The Masked Singer is back with season four. And while all of the costumed celebrities are capturing our attention, there’s something else that we all have questions about. How does it appear that there is a live audience present in the studio watching the contestants perform? The answers have finally been…unmasked.
Before reading further, check out last week’s recap show where hosts Mel and Kyle talk about everything that happened during the premiere. Plus, they reveal the identity of The Sun and it might not be who you think! Make your guesses now.
The Truth Behind ‘The Masked Singer’ Season 4 Audience
If you watched the premiere of The Masked Singer, it definitely looked like there was an audience cheering The Dragon on as he removed his mask and revealed his identity. Rapper Busta Rhymes was revealed by Nick Cannon, you could feel the energy and shock of the audience. But things aren’t what they seem.
While there were several shots of people hooting and hollering in the audience throughout the show, it was all just a camera trick. “You’ll notice that the audience will feel like it’s behind the judges. The one thing I’m expecting is for people to say is ‘How come they’re not COVID friendly? The audience aren’t wearing masks.’ Through various quarantining and various camera tricks, we’ve managed to do it.” Fox Entertainment’s President of Alternative Entertainment and Specials Rob Wade told Deadline.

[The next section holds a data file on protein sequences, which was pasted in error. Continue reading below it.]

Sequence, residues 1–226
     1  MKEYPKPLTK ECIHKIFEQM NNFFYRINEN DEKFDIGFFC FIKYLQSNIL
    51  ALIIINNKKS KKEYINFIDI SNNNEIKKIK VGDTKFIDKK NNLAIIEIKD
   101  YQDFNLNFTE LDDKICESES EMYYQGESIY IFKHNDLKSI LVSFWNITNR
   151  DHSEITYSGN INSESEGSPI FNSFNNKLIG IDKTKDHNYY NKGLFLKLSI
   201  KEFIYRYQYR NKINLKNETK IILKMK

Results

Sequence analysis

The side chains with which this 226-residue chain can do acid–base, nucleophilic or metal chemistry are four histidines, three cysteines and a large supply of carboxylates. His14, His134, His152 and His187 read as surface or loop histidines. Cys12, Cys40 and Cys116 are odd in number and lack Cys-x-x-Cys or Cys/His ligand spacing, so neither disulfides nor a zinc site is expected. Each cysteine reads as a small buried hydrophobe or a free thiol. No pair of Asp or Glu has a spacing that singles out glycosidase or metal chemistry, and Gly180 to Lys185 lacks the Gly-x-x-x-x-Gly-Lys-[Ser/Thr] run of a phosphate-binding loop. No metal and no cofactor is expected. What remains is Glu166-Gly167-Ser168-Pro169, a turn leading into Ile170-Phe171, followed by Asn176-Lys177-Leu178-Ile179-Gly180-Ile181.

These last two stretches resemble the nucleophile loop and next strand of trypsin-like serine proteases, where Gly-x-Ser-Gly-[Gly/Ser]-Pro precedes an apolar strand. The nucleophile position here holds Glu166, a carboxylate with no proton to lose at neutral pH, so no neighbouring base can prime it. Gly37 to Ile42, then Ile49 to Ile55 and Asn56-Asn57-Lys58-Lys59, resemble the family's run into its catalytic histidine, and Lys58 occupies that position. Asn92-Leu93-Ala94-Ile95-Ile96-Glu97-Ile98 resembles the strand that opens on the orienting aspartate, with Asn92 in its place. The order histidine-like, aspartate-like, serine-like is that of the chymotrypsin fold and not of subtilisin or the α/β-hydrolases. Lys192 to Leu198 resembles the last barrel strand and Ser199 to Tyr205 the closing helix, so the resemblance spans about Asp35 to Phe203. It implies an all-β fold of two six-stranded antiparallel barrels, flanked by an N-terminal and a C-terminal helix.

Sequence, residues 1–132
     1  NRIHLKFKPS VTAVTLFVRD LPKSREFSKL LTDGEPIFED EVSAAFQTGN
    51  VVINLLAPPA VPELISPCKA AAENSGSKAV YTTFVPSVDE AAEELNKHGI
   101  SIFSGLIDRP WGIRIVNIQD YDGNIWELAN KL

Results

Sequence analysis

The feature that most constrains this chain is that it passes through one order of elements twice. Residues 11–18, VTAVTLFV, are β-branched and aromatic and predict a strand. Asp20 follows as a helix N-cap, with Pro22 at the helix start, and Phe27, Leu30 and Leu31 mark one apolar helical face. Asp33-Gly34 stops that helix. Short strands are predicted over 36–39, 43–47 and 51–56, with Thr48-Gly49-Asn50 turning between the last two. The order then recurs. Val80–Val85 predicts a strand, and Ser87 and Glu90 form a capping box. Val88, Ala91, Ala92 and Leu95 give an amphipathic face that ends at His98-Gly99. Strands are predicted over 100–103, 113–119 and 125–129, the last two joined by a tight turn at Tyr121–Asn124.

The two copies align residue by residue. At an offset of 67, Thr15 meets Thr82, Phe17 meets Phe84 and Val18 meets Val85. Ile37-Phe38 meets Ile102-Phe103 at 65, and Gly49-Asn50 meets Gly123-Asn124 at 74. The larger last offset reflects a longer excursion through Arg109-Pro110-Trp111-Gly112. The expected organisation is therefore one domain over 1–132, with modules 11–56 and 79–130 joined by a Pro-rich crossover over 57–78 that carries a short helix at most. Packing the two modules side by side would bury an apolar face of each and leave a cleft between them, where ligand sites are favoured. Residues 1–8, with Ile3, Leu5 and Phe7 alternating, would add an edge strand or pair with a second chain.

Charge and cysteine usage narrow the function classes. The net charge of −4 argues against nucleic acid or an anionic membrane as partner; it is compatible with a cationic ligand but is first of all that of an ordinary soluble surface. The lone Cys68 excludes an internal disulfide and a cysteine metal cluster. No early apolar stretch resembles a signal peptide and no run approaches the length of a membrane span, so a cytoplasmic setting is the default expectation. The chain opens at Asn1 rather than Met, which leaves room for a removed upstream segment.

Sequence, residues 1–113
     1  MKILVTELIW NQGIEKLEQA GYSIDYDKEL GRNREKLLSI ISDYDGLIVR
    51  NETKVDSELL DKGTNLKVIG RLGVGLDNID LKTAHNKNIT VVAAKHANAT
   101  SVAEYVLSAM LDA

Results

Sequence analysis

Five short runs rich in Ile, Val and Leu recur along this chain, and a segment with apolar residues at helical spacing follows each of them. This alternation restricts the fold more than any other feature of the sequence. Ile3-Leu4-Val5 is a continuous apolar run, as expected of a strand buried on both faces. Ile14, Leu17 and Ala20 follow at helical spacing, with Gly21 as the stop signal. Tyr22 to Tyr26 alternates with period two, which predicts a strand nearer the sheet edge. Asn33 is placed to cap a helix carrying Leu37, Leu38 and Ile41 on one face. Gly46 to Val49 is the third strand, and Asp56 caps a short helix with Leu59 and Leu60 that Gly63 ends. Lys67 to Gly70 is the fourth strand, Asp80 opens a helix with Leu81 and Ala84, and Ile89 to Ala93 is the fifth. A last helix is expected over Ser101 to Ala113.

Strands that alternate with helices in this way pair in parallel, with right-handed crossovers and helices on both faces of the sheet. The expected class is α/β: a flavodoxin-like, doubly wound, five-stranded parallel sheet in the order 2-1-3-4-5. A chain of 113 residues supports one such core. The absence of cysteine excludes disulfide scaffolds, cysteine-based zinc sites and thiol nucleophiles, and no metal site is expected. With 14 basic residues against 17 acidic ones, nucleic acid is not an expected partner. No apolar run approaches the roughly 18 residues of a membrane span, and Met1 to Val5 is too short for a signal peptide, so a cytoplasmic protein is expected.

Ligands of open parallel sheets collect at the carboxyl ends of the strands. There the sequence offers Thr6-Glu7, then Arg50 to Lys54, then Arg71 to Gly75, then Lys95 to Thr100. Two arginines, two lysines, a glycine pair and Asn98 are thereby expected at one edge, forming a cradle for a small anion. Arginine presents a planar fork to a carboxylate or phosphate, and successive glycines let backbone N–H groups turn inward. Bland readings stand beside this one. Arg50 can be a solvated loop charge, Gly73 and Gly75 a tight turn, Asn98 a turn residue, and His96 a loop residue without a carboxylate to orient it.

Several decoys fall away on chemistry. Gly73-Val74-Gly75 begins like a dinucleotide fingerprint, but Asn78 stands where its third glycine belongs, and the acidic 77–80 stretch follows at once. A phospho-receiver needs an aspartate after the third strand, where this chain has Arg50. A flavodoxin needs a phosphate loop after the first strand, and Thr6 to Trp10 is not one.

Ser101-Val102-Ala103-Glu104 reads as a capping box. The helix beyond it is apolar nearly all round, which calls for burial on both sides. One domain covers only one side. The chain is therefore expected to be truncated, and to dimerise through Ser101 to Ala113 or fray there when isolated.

The people in the audience are not wearing masks because most of the audience shots were from past seasons. They were just edited in a way that makes it look like it happened at that taping. The Masked Singer is prerecorded, so in the past, audiences would come and do several reaction takes on camera.
However, there was a casting call for the show looking for a few more people to do reaction shots to appear on this season. It said the show is “looking for featured audience members to be in the background for audience reaction shots for Fox’s The Masked Singer.” The taping was on August 23 and all audience members were required to be tested for COVID. The few audience members were paid $650 but were told that they will not see the actual show. Their day was just strictly filming reaction shots.
Other Ways The Show Gave Off The Illusion Of Having Fans In The Masked Singer Studio
Executive Producer Craig Plestis also clarified some of fans most asked questions. “You’ll see a lot of differences this season too with the virtual reality stuff, with the animation, with adding America’s votes — since we couldn’t have a full audience of 300 people, though we’re utilizing some audience footage from past seasons to get that audience feel” he said.
“We’re augmenting some of the clapping and stuff to get that audience feel, kind of like what sports does” he continued. “But we want to make sure our show comes back and doesn’t feel like a Zoom show. And for myself, as a viewer, not a producer, when I come home at the end of the day, I want to watch TV. I don’t want to watch another Zoom. I Zoom almost 24/7, so that’s the last thing I want to see is little boxes. I want to watch my old TV show.”
The show also uses editing and virtual reality to give the appearance of a larger theater that is filled with audience members. It’s definitely very refreshing to see that The Masked Singer is operating this way since other talent shows are using strictly virtual audiences.